It should not be used for drawings forming part of the original production set.

Tracing paper

This, by far the most common medium to be found in drawing office use today, is available in a wide range of weights (from 50 to 112 g/m2) and surface textures (smooth, semi-matt and matt).

A smooth finish is desirable, especially for pencil work, where the more abrasive surfaces of the matt and semi-matt finishes tend to wear down pencil points rapidly, and are more difficult to keep clean during preparation of the drawing.

A weight of 90 g/m2 is probably the most common in general use in drawing offices, but it is arguable that 112 g/m2 paper justifies its extra cost. It is dimensionally more stable and less liable to go brittle with age. (Liability to buckling and dimensional instability through variations in humidity are two characteristics of all tracing papers.) It stands up better to heavy-handed erasing and it is less liable to damage than the lighter papers, a particularly important consideration in a large project which is going to be around for some years.

Drafting film

This has virtually superseded tracing cloth as a high quality product when durability is a prime requirement. It has other advantages which make it a contender, despite its high cost. It is dimensionally stable; it takes ink and pencil well; both may be erased easily. However, it is very hard on the normal technical pen, and it is desirable to use a range with specially hardened tips.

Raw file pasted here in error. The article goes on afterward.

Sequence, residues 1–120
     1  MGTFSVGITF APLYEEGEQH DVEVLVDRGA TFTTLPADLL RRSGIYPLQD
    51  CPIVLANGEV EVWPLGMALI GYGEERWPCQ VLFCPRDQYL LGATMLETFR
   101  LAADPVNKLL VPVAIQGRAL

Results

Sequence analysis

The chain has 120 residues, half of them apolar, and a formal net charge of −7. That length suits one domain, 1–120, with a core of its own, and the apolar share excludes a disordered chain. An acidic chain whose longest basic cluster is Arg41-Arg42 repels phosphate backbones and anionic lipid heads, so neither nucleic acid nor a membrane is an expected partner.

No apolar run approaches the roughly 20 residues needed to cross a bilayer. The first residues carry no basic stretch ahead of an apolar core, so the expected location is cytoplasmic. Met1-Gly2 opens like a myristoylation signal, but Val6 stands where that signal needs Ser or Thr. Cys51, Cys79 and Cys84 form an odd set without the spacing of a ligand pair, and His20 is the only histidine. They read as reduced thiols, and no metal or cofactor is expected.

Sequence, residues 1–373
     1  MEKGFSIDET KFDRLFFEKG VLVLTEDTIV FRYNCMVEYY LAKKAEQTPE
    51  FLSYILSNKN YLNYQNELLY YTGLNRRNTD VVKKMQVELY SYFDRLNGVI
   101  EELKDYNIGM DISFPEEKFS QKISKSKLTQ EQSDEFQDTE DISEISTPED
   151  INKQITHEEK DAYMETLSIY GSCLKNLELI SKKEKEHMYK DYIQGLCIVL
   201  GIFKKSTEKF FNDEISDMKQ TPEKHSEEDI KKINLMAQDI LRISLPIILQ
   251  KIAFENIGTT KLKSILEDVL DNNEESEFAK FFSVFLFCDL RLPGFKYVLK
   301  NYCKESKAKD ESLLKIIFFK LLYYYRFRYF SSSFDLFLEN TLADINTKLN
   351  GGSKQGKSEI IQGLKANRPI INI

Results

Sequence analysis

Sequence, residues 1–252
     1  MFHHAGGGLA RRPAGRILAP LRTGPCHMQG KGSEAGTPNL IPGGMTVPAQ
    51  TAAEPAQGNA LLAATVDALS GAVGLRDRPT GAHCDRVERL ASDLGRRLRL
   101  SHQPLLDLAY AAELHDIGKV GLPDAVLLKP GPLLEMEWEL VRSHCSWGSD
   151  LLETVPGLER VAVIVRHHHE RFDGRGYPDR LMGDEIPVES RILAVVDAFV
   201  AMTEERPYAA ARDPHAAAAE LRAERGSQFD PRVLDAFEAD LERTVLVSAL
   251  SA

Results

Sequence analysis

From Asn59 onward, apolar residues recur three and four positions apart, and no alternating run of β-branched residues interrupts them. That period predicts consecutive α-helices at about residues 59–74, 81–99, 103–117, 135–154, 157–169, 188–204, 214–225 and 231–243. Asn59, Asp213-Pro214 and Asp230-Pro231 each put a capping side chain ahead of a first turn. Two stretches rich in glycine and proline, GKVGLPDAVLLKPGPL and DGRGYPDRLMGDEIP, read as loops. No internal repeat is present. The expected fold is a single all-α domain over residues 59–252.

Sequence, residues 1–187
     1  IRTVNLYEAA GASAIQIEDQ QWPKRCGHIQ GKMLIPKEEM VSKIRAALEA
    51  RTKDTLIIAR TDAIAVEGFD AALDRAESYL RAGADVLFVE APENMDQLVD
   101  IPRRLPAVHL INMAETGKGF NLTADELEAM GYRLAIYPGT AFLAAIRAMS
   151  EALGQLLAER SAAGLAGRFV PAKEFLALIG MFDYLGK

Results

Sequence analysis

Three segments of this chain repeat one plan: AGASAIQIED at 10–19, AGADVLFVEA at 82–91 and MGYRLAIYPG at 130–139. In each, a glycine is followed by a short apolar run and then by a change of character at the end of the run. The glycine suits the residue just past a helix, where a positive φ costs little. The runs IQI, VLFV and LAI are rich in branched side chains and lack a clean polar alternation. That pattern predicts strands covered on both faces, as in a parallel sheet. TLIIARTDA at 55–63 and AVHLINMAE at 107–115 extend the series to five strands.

A major disadvantage in practical use is the fact that ink dries slowly, the film being totally non-absorbent and reliant upon evaporation alone for drying.

All in all, a good quality tracing paper offers the most practical all-round medium for general use.

Ink or pencil

Of the two available media for drawing lines the choice rests, to some extent, with the personal inclinations and particular abilities of the draughtsman. Many find pencil the more sympathetic medium, with its wide range of line inflexions, and a pencil drawing is normally a more personal document, reflective of the draughtsman's character, than the ink equivalent. The function of a working drawing, however, is the unambiguous conveyance of drawn information, and aesthetic considerations must remain secondary.

The relative advantages and disadvantages of both media are listed below, but on the whole considerations of permanence and reprographic clarity make ink the more suitable for the bulk of the final production set of drawings.

This is not to rule out the use of pencil altogether. Its speed, particularly when applied with self-confidence, makes it suitable for the production of large-scale details, full sizes of joinery sections, etc and supplementary details urgently needed on site. It is also useful as an adjunct to what are otherwise pen and ink drawings—for the addition of hatching, for example, which can be a time-consuming process in ink.


• Consistent density of line

• Reprographic clarity

• Permanence of image

• Completeness of erasure (by razor blade or mechanical eraser).


• Relatively slow process

• Set-square and scales liable to smudge still wet lines